Dirt: The Erosion of Civilizations

  • David R. Montgomery
University of California Press: 2007. 295 pp. $24.95, £15.95 0520248708 | ISBN: 0-520-24870-8

If everyday expressions offer clues to what we value, then the common use of 'dirt-cheap' to describe anything inexpensive speaks poorly of our appreciation for soil. Like water andair, soil is not efficiently traded and priced in the marketplace, and yet we could not live without it. It doesn't take a rocket scientist to figure out that food security and human well-being depend on fertile soil. That expression implies admiration for the intelligence of rocket scientists, and similar praise is due to Earth scientist David Montgomery, whose new book insightfully chronicles the rise of agricultural technology and the concomitant fall of soil depth just about everywhere in the world, from prehistoric to modern times. The topic could not be more timely, as recent large-scale expansion of maize (corn) in the United States and sugar cane in Brazil for biofuel production signals a new era of competition between the energy and food sectors for the globally finite resource of arable land and the remaining good soil.

Dust in the wind: civilizations collapse when their soil runs out. Credit: B. FORSTER/GETTY IMAGES

Montgomery catalogues a tragically recurrent pattern. Starting with the first farmers in the Tigris and Euphrates River basins, across the Mediterranean of the ancient Greeks and Romans, through bronze, iron and industrial ages, repeated in the Americas and in Asia, and up to contemporary practices on industrial mega-farms and smallholder slash-and-burn fields. In each case, agriculture expanded on good land, which fuelled population growth, followed by further agricultural expansion onto marginal land, ultimately leading to soil erosion, declines in agricultural productivity, and often societal collapse and emigration.

Perhaps owing to the repetitive nature of this story, the writing is not as captivating as Jared Diamond's in Collapse (Viking, 2004), which similarly charts the interplay between the prosperity and longevity of civilizations and their husbandry of several kinds of inherited natural capital. Equally provocative, however, Montgomery asserts that the rise and fall of many civilizations, generally lasting from 800 to 2,000 years, roughly corresponds to how long it takes for their soils to erode away.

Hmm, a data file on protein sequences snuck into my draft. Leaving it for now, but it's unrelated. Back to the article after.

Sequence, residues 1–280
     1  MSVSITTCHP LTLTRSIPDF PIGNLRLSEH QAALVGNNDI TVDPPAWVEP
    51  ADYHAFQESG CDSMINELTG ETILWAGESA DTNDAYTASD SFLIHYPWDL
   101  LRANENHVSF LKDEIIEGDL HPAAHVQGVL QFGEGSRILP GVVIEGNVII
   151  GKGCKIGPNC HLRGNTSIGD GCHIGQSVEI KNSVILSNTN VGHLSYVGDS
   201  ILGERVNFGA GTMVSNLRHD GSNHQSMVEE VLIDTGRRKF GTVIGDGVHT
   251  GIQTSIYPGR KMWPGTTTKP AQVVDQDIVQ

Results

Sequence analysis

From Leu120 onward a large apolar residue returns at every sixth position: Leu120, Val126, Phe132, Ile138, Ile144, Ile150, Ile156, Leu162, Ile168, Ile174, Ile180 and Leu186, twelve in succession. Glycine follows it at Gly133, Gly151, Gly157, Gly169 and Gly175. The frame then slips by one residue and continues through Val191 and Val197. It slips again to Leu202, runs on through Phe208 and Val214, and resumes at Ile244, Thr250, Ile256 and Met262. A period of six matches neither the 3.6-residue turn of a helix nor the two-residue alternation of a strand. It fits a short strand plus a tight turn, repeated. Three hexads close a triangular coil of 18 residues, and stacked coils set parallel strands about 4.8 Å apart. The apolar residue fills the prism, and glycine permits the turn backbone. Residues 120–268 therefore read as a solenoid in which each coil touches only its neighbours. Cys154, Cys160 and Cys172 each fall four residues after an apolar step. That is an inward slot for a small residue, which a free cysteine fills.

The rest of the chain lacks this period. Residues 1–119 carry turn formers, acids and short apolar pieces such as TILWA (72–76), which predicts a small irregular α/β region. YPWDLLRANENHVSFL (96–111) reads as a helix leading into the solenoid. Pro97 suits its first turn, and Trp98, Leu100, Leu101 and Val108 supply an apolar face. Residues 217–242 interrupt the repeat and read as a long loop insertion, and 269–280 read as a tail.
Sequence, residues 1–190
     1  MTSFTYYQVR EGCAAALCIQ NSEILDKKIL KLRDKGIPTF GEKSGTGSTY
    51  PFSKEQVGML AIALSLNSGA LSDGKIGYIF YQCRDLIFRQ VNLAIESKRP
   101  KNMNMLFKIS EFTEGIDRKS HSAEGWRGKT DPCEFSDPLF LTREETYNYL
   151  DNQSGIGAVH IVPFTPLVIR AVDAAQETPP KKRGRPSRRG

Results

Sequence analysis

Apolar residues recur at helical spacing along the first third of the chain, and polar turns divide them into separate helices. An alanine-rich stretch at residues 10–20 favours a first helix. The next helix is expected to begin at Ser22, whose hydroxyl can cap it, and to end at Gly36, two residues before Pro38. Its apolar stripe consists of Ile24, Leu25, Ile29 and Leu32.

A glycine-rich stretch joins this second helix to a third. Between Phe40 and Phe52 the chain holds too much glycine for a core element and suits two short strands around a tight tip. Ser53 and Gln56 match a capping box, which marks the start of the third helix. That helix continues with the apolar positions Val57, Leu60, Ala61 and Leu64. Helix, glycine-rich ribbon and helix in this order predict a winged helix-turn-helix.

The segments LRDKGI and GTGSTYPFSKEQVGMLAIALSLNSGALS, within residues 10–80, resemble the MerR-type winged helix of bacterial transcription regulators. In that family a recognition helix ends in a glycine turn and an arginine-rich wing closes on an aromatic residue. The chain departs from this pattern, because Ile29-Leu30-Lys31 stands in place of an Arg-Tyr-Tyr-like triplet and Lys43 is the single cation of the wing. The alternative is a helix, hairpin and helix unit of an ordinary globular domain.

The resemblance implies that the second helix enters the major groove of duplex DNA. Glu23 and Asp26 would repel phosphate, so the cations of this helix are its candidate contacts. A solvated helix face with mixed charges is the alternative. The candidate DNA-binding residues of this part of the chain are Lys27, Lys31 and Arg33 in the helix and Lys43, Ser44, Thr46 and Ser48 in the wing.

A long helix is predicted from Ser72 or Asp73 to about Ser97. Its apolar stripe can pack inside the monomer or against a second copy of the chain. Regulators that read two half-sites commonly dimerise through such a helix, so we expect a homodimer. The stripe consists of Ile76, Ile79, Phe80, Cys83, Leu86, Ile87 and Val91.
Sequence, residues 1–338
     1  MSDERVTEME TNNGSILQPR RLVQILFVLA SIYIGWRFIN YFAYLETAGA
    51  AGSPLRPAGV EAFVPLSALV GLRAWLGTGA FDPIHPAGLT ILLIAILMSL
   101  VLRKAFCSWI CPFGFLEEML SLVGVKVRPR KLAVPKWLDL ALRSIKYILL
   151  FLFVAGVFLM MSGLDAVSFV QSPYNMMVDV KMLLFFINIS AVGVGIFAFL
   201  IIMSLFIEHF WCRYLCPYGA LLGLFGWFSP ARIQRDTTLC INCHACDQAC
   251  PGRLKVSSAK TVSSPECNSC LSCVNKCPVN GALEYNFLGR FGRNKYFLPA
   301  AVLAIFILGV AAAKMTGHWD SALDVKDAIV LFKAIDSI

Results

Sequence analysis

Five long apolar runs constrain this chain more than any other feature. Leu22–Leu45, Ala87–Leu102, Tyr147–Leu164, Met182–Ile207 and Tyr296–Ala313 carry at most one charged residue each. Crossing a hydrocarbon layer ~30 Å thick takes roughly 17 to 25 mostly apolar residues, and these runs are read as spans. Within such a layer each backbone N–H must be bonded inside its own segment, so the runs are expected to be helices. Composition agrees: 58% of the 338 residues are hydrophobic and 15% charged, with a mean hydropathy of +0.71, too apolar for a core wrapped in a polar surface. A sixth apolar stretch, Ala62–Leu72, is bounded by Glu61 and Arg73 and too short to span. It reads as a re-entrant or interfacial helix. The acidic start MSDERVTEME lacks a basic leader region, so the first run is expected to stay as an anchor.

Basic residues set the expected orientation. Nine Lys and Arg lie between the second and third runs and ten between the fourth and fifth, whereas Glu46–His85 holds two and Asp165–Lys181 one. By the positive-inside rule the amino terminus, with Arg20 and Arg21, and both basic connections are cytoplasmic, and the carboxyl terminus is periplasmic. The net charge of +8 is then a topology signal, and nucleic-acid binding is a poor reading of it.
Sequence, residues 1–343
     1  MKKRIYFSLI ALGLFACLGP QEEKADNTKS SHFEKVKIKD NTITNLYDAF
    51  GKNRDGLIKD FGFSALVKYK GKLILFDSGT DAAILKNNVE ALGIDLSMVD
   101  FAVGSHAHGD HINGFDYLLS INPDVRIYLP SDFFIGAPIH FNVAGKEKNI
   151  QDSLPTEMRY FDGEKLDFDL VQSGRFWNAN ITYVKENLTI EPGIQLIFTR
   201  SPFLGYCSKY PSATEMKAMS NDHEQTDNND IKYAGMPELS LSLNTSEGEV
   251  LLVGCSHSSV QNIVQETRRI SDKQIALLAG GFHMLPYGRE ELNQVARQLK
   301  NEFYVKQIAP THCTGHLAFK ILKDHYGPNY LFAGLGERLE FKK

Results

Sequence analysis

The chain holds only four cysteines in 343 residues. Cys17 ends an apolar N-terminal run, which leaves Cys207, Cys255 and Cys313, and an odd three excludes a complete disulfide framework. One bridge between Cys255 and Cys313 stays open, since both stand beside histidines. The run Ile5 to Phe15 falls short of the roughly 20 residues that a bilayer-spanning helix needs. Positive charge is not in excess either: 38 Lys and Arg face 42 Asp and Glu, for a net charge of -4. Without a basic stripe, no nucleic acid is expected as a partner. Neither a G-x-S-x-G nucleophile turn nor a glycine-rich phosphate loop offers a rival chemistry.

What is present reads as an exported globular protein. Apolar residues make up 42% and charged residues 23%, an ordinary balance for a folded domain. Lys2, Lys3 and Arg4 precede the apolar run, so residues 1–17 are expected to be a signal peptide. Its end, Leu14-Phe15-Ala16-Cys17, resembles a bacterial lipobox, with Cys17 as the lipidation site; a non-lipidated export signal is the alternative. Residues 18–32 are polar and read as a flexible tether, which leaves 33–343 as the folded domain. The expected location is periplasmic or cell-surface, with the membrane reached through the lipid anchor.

Not all is gloomy. A precious few examples of good soil management are described. Montgomery also cites philosophers, agronomists, and soil scientists from ancient Greece onwards, showing that we have known for a long time how to obtain good crop yields and simultaneously conserve soil. Reasons that such sage advice has seldom been followed include perverse economic incentives and land tenure laws, imposed by govenments that reward mining the soil for short-term profits. Montgomery offers a wealth of interesting examples.

The Lincoln Memorial in Washington DC now stands where colonial ships once sailed in the Potomac River and is built on the sediments washed downstream from former colonial tobacco farms. High prices paid for tobacco in Europe, a plentiful supply of cheap land in the American colonies, and tax revenue for the British government generated from tobacco sales motivated both private and government sectors to seek maximum crop yields rather than promote sound agricultural management. These shocking changes become obvious over many decades and centuries, but soil often slips away at a rate that a farmer may not perceive during a single lifetime.

Further advances in technology will probably increase crop productivity, and some expansion of agricultural land is still possible, but Montgomery argues that soil has become a scarce resource. More than a history lessonof the legacies of past civilizations, the book raises a critical concern for modern times. We are currently losing soil at least 20 times faster, on average, than it is being replaced through natural processes. To meet the demands for food and, more recently, energy, we need Montgomery's scholarly, historical perspective, as well as the ability to project current trends of land management to future scenarios.

In the final chapter, the author offers a vision of organic farming for both large and small farms. Soil conservation can also be promoted without going totally organic, and I doubt that we can feed 7–10 billion people entirely without fertilizers and pesticides. We probably need the proverbial cleverness of rocket scientists to figure out what sustainable agriculture fully entails, but it is clear that soil conservation must be its central tenet.

When I talk to elementary school classes about soil, I start by distinguishing it from dirt. Kids quickly catch on that soil nourishes plants in forests, grassland, farms, and gardens, whereas dirt is soil transported to places where it is unwanted, such as under fingernails, on the living room carpet and in sediments of reservoirs and estuaries. The greatest strength of this book is its persistent and forcefuldemonstration of a lesson that adult societies have yet to embrace — societies prosper and persist best when they figure out ways to keep their soil where it belongs and not treat it as if it were dirt cheap.